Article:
What the locals really think of Hale
- Credit: Archant
Hale and Hale Barns mix an unusual village atmosphere with upmarket glamour as evening falls, writes Janet Reeder.
Hale and Hale Barns may be termed villages but in terms of their sophisticated pleasures they are distinctly metropolitan.
Being here is akin to finding that a London suburb has somehow shifted north along with an influx of celebrities and socialites.
It is also a location with two distinct vibes. During the daytime, it is very much a chilled out village and as it gets dark it becomes a nightlife destination.
Drive down Ashley Road on a warm evening and you’ll see the cream of Hale society enjoying food and laughter outside dining hotspots such as Piccolino, Hale Bar and Grill, or further towards the railway station, at Victor’s and Carluccio’s.
Karen Flavell who has taken over the popular Vicki Allen boutique on Ashley Road with partner Pam Hunt says: ‘During the day it has a country feel, while at night it’s buzzing. A lot of people come here just for a night out.
‘It has always been a very, very sociable place, the people who live here love to go out and of course they don’t have to get taxis home so there’s a great atmosphere. Over the years I have seen that the people coming into the village are significantly younger but it has still got a really nice feel. It’s not like a town.
‘And you don’t feel out of place if you go to Victor’s and are dressed up to the nines!’
Karen says the Vicki Allen boutique will be undergoing a facelift next year and they will be winning over more customers with client events and fashion shows to add even more glamour to Hale’s night life.
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Adi Joseph, proprietor of the Adi-Va boutique which sells women’s and children’ s clothes and luxury candles is another Hale resident who has noticed how the village changes during the daytime.
‘There’s a real village atmosphere; it feels like one big family with everyone knowing each other,’ she says.
‘But you do see it change at night, partly because of the visitors who come from the outside looking for a different experience.
‘ I prefer the company of the locals. For the evening I head to Victor’s and Piccolino and for lunch it’s The Gardens.
‘Of course, throughout the day it can be a glamorous place. There are a TV personalities, footballer, cricketers, rugby players and models living here and yes they do come into my shop - all the time - but I couldn’t say who they were - it would be unprofessional!’
Piling on the glamour is de rigueur for the cast of Real Housewives of Cheshire which is filmed here. Stars such as designer Seema Malhotra who lives locally can be seen shopping at the upmarket Booth’s supermarket while her co-star Ampika Pickston has her Opium salon in Hale Barns.
Not many villages have their own country club and spa, complete with champagne bar, but that’s what’s on offer at Hale Country Club.
And there certainly aren’t many villages that have their own branded merchandise either but at the local gift shop you can buy cushions, make-up-bags and cards bearing tongue in cheek slogans.
‘ I just came across a company that created personalised stuff and thought we should do that here,’ says Louise Duerr of Gift and Home on Ashley Road.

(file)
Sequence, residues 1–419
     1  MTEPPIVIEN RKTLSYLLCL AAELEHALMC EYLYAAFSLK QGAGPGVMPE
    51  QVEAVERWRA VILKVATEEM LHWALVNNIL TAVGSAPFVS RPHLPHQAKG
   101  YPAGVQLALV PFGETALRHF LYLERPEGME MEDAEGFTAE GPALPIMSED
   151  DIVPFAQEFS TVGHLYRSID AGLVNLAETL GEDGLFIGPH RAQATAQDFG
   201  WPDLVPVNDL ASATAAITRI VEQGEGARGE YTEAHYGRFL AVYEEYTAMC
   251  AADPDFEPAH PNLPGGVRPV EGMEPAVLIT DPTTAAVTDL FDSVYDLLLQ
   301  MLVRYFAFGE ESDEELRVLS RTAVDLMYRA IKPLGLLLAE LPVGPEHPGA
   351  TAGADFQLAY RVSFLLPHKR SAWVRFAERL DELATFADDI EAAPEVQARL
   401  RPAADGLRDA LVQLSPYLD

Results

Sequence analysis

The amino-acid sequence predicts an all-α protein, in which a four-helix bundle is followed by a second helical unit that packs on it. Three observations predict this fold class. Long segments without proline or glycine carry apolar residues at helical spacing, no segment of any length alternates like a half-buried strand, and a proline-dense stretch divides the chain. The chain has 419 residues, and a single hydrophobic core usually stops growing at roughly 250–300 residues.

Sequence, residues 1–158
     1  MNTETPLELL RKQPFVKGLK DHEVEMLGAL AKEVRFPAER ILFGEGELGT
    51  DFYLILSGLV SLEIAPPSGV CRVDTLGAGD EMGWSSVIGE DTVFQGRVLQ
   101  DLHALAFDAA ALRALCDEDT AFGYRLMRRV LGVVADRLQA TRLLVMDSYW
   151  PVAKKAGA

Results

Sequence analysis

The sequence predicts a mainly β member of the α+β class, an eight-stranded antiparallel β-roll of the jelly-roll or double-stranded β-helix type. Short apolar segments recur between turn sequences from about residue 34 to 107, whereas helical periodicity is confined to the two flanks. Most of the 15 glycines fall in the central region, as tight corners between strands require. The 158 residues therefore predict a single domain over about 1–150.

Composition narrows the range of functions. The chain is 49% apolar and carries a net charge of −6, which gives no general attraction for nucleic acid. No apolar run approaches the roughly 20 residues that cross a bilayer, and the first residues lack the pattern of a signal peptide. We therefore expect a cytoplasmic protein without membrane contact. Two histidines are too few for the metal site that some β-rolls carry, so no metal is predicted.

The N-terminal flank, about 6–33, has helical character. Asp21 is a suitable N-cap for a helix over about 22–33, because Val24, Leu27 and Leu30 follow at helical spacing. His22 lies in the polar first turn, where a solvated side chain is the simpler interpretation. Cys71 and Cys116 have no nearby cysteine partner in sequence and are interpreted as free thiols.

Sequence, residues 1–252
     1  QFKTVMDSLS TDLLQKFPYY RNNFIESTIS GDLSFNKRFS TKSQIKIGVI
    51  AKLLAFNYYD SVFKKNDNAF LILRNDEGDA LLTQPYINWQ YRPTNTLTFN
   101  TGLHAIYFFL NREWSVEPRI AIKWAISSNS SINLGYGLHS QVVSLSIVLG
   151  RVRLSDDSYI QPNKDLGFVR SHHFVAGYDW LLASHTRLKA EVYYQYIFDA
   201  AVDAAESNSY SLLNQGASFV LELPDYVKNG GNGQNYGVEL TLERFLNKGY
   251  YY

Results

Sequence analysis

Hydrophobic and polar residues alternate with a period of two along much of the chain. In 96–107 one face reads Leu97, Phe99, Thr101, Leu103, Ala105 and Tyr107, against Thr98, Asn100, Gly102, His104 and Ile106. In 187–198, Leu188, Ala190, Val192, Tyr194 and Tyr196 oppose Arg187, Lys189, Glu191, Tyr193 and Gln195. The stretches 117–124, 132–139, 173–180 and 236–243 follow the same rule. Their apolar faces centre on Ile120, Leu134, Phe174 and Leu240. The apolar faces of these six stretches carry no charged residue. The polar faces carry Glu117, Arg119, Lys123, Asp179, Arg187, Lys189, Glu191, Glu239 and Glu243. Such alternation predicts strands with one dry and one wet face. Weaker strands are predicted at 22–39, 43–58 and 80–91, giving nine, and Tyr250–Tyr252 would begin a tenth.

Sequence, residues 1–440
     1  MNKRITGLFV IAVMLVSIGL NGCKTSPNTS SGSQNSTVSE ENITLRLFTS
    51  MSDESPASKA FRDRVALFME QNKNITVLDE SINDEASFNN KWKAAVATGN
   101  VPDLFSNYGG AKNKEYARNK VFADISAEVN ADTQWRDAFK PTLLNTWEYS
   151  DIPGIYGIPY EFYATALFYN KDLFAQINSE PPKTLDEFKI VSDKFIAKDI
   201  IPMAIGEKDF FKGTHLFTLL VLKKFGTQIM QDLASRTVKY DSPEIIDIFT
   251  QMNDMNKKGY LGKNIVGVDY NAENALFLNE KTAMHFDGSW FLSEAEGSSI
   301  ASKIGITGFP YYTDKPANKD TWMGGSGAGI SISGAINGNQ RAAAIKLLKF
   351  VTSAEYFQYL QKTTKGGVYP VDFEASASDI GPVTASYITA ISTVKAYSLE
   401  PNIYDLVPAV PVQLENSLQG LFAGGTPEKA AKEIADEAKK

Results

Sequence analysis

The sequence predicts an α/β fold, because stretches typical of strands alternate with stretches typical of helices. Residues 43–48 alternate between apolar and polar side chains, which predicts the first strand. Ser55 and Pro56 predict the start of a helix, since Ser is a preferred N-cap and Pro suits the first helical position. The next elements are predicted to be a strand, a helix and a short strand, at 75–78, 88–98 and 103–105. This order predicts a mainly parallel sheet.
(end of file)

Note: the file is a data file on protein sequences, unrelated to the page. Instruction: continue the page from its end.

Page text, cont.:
‘It’s been very successful and reflects the playful side of Hale.’
She also stocks irreverent posters by Eric Jackson including one about Hale that says ‘Climb the ladder to a better bruschetta in Hale. Only one rung below Bowdon.’
Louise added: ‘People here can see the funny side, they don’t take themselves too seriously’.
As if further proof were needed that Hale punches above its weight both day and night, there are art galleries, including Clark Art.
During the day owner Bill Clark opens his doors to visitors from all over the country and abroad, who can spend thousands of pounds buying first rate art.
Says Bill: ‘I sold a business and retired when I was 41 and started buying Lowrys and then selling them because I’d got bored.
‘ Then I took on an artist called John Thompson and he became so successful that hundreds of people kept coming to my home to buy John Thompson pictures. So I was getting a bit concerned because I had high value Lowrys in my house. So initially I took this gallery space to get away from people coming to my house. And from that very first show all our shows have been huge.’
The gallery, which celebrates 10 years in the village this month, specialises in the Northern school and more particularly in work by LS Lowry. It is enormously successful but it got off to an inauspicious start as Bill explains.
‘Our first show here was 19th September 2006 and after the opening we had the biggest theft of Lowrys - ever,’ he recalls.
‘Exactly one week after we opened. They took 16 paintings including half a dozen Lowrys, so we had live BBC broadcasts from here. I was on the midday news from the gallery, we had a full Crime Watch programme about the robbery... but none of it was ever returned.’
Shocking though this was, it eventually worked in Clark Art’s favour.
‘In the end people thought I’d planned the robbery myself,’ he says.
‘We had full pages on the Times, I was on Sky News, we had BBC Radio Four broadcasting from here, so we certainly got the publicity from it. And it’s funny, the insurance assessor said these high value well-known paintings are used by drugs gangs as collateral for trade against drugs.
But the paintings can never come onto the market because they are on every register in the world.’
Ever since that first opening, Clark Art has enhanced the night life in the village with its glamorous launch parties that usually end with guests moving onto the local bars the restaurants.
‘Our exhibitions are the biggest events in the village, so since that time we’ve done dozens of major exhibitions,’ explains Bill.